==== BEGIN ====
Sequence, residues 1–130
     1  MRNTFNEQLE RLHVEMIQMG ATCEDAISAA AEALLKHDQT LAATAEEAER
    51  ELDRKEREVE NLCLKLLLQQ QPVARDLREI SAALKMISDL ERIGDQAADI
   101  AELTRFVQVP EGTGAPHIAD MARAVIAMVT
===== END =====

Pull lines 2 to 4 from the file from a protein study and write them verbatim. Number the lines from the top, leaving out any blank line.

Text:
     1  MRNTFNEQLE RLHVEMIQMG ATCEDAISAA AEALLKHDQT LAATAEEAER
    51  ELDRKEREVE NLCLKLLLQQ QPVARDLREI SAALKMISDL ERIGDQAADI
   101  AELTRFVQVP EGTGAPHIAD MARAVIAMVT